110 of 117 people found the following review helpful
on November 20, 2000
Don't leap to the assumption that a book written fifty years ago about an unmarried do-gooding gentle woman would have nothing for a contemporary audience. Despite its London church parish setting well populated with the spinsterish "excellent women" of the title, Pym's book delivers sharp observations about men and women, together and apart, and society's expectations for all. Her truths are pungent a sexual revolution later.
Relevancy aside, this is a good read. Pym lays out her well-defined world much as Jane Austen does, providing a critical and always witty tour. The characters are drawn as sharply as any Austen delivered. The novel is entertaining but rewardingly complex as it probes not only gender and social mores but also asks if Mildred Lathbury, the protagonist and narrator, is choosing the life of an excellent woman or if she is saddled with it. To use a contemporary phrase, it is about having a life, and this deceivingly gentle-seeming book is asking questions that are as rugged and significant as any asked in our less regulated times.
66 of 70 people found the following review helpful
There are certain books that really can't be fully appreciated until you're older and can bring to them the understanding of maturity: Henry James's "major phase" novels, for example, and perhaps Jane Austen's MANSFIELD PARK. A writer whose talents completely eluded me when I was younger was Barbara Pym; her world of elderly churchgoers and celibate vicars in postwar England seemed too grim to me when I was in my early twenties, and I saw her novels as tragedies rather than as the brilliant comedies they really are. EXCELLENT WOMEN fully deserves its current reissue status in the Penguin Classics series because it really IS a twentieth-century English classic. Its title has famously come to describe a certain kind of character to which Barbara Pym thoroughly lays claim as an author, and is thus often considered the most emblematic of Pym's works (it is certainly one of the funniest).
The comic genius of the novel is not that its heroine, the respectable and virginal and shabby-genteel Mildred Lathbury, is unwanted by her society, as I misunderstood when I was in graduate school, when I first read the novel. Rather, she is TOO much in demand, and not only is of great use to the church officials who want her to shine the brass of their decaying pews, but also of the confused married neighbors in her lodgings and even the few bachelors she knows (who subtly feel her out for her interest in marrying them--overtures which she always curtails). Although Mildred is puzzled by the work of the anthropologists she meets, she is herself too much of an anthropologist ever to commit to married life (or even sharing a room with another spinster friend). Her constant self-deprecation is always offset by her unspoken understanding that her life is far too rich in its observations of others for her to subsume her ego fully into another's needs. Pym has been frequently compared to Jane Austen, and the comparisons are quite just, though it should be noted that her work is more like the more autumnal and scathing PERSUASION than the giddy exuberance of PRIDE AND PREJUDICE.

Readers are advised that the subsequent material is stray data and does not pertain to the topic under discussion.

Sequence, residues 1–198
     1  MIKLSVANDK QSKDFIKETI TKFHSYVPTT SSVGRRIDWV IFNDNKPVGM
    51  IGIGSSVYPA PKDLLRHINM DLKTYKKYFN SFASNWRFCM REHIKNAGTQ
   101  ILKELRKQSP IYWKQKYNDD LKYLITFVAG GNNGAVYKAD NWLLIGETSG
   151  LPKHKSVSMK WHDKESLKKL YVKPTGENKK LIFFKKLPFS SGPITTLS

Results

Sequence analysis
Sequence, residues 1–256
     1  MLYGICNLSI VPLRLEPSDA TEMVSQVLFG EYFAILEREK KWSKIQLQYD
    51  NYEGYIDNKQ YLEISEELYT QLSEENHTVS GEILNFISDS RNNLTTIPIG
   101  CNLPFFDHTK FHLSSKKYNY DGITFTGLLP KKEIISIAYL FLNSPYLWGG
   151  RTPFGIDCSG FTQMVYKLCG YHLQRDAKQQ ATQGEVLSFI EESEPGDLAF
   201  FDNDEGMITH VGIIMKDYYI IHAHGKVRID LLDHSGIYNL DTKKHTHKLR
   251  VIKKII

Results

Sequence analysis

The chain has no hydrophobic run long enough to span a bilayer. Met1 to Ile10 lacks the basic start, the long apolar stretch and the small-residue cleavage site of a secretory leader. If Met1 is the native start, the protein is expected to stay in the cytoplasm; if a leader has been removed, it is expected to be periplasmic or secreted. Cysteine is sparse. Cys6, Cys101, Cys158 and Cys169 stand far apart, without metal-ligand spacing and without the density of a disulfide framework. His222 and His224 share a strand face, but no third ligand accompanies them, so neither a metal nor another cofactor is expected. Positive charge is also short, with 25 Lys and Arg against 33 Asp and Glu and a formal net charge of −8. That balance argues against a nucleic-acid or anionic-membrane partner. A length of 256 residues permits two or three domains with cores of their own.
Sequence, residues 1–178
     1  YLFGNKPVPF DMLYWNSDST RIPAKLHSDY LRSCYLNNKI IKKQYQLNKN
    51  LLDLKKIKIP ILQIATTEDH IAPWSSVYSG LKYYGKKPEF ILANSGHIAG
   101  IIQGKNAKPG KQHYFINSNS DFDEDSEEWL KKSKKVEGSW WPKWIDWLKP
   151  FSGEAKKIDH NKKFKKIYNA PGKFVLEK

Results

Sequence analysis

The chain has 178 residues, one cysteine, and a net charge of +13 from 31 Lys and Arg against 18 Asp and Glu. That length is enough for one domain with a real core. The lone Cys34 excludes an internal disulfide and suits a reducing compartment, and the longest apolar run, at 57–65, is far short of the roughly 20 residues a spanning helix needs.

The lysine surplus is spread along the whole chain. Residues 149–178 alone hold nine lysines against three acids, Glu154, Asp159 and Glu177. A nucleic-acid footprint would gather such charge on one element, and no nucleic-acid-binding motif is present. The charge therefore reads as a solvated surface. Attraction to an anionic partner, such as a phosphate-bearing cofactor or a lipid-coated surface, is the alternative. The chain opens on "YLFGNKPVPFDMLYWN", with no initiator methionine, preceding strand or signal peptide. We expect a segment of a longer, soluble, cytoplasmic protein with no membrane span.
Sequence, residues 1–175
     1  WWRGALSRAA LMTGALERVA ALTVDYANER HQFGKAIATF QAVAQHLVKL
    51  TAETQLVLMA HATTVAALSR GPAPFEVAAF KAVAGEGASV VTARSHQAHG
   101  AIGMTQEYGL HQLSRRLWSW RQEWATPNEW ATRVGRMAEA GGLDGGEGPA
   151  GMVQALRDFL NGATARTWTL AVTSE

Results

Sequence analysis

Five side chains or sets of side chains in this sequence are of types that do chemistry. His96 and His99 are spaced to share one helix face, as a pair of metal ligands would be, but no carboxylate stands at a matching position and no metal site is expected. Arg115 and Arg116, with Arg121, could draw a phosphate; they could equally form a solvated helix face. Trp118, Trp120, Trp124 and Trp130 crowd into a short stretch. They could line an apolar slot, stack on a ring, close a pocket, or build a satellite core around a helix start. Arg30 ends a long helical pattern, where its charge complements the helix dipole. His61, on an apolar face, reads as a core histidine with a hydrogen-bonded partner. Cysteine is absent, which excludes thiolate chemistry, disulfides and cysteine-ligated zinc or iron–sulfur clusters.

31 of 32 people found the following review helpful
on September 28, 1999
Barbara Pym is an author who has gained in reputation since her death, and "Excellent Women" is the epitome of her writing. A comic novel with a delicate touch, it loses nothing by being set in the 1950s. We recognise the characters and situations. For me, the understated romance between Mildred Lathbury and Everard Bone carries echoes of Jane Austen's "Pride and Prejudice". I defy any woman not to enjoy it.
25 of 26 people found the following review helpful
on January 31, 2002
All of Ms. Pym's books are excellent and worth reading over and over. Quartet in Autumn & The Sweet Dove Died are sad. All the others are humourous. About everyday life--stuff we've all been through, the people we put up with, the slights, the boredom. But through Ms. Pym's eyes, these tedious daily events are amusing set pieces. She's subtle...just describes the situation, makes a comment and lets you figure out just how funny your everyday life would be if you could stand back a little. As I said in the title of this review...her stories are like the sitcom Seinfeld: nothing ever happens, but it happens to all of us, and it's hilarious.
42 of 47 people found the following review helpful
on October 22, 2005
This book is a window into what was perhaps a better time when such things as good manners in social interaction were held in higher esteem than now. I wondered while I read this book why it was never my good fortune to have met an "excellent woman" such as the protagonist Mildred Lathbury. Perhaps such women existed only in post war London and not in the America of the last quarter of the twentieth century if they existed at all. Such is my loss, but I can at least enjoy the carefully crafted character of Pym's women as they cope with their rather ordinary, but very real and believable lives.